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Adobe Premiere Pro CS5 power tips

Jan 27, 2011 10:30 AM, By Franklin McMahon


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Getting the most out of any program is always the key, but these days, most software has hundreds of features, so it takes some exploring to really dig in and find some gems. Adobe Premiere Pro CS5 is no exception. There are many options, parameters and tools, so it’s always good to explore and find some that help your workflow go more smoothly. Here are four good places to start:

Using keyboard shortcuts always makes workflow go faster, but creating your own set with exactly the commands you want can take productivity to a new level. Click image to enlarge.

Using keyboard shortcuts always makes workflow go faster, but creating your own set with exactly the commands you want can take productivity to a new level. Click image to enlarge.

Keyboard Customization
You may be used to using Final Cut Pro, but you may be surprised to learn that Adobe has included an entire group of FCP keyboard commands right within the program. If you go to the Edit menu and choose Keyboard Customization, you’ll find a dizzying array of keyboard shortcuts for nearly every command in the program. There are sets built-in, including a set for Final Cut and Avid Xpress, and, of course, for Premiere Pro. In each keyboard set, there are three sub-categories, Application (menus), Panels and Tools.

To change any keyboard command, just click on it, and type in what you want. You’ll see that the keyboard set now switches to Custom, and you can save this as a new keyboard set. If you ever wonder what keyboard command goes to what feature, you can look in the pull-down menus or just mouse over a button on the interface; in a second, a yellow label will appear with the correct command. Using keyboard shortcuts always makes workflow go faster, but creating your own set with exactly the commands you want can take productivity to a new level.

Under the Resource Central tab, you’ll find some new professionally designed themes for free. Click image to enlarge.

Under the Resource Central tab, you’ll find some new professionally designed themes for free. Click image to enlarge.

Resource Central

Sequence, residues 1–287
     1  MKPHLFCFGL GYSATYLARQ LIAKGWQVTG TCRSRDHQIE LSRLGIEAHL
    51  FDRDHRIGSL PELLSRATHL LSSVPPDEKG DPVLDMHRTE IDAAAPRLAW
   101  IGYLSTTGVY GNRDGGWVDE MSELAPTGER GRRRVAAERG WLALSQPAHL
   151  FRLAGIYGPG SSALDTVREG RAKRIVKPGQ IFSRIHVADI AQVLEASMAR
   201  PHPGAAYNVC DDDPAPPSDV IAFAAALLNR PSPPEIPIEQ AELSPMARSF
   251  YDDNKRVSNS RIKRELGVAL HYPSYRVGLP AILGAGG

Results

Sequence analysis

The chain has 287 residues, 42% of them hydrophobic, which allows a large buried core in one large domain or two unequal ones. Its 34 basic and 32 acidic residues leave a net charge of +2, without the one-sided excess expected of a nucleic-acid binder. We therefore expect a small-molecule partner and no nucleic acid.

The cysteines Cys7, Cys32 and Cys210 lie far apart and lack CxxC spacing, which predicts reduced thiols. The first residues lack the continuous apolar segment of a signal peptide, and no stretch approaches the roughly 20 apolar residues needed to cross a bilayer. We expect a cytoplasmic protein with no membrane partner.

Want to grab some free templates for your productions? Go up to the Window menu, and choose Extensions/Resource Central. You’ll see a new tab appear that says Templates, with several categories — including Corporate, Sports, Travel and more. You’ll also see a little green light that pops on to signify that you are online. Scroll through and choose any template, and click the arrow button to download. In a few seconds, you’ll have some new professionally designed themes for free.

You can also do keyword searches looking for specific templates such as “Lower 3rd” or a color like “Orange.” This is very handy for creating something professional quickly or looking for an inspirational template to start creating with.

It’s easy to overlook the History tab, but if you are constantly experimenting and hitting Undo, then it’s worth bringing this panel front and center. Click image to enlarge.

It’s easy to overlook the History tab, but if you are constantly experimenting and hitting Undo, then it’s worth bringing this panel front and center. Click image to enlarge.

History
It’s easy to overlook this powerful tab, as it is usually hidden away. However, if you are constantly experimenting and hitting Undo, then it’s worth bringing this panel front and center. Just go to the Window menu, and choose History to get started. In fact you may want to undock it, extend it and keep it on the side of your editing screen. As you work, you’ll see every step you make. You can click any task to immediately go back to it and then click again to go to your current step.

In fact, you can use the arrow keys, both left and right, to scroll through your steps. This is much faster than traveling up to the Undo menu and tapping the arrow keys back and forth can give you a real sense of how your changes are affecting your production. When you find a step you don’t want, you can click on the trash icon to delete it.

Also, at any time you can click the pulldown menu of the History tab and clear out all the steps. This won’t actually undo everything, but it will give you a fresh start if you have hundreds of steps listed.

With the Normalize Track option, you can set the dB you want to come in at and then let the program smartly level things accordingly. Click image to enlarge.

With the Normalize Track option, you can set the dB you want to come in at and then let the program smartly level things accordingly. Click image to enlarge.

Normalize
Another feature that is powerful but easy to miss is the Normalize Track option. Although you can use keyframes and lift up your audio to match the level of other audio tracks, why not let Premiere Pro do the heavy lifting to provide you with a running start? Just go to the Sequence menu, and choose Normalize Master Track. You can set the dB you want to come in at and then let the program smartly level things accordingly. If you don’t like the results, you always have the History panel to dial it back.

There are dozens of hidden and handy features buried in the vast array of Premiere Pro’s tool bars and menus, and sometimes the best thing to do is just surf through them. Quite often, we are editing on a deadline and don’t have time to explore. However, Adobe is constantly packing more and more features in each new version of the program, so it’s worth trying these tips out and discovering new ones.

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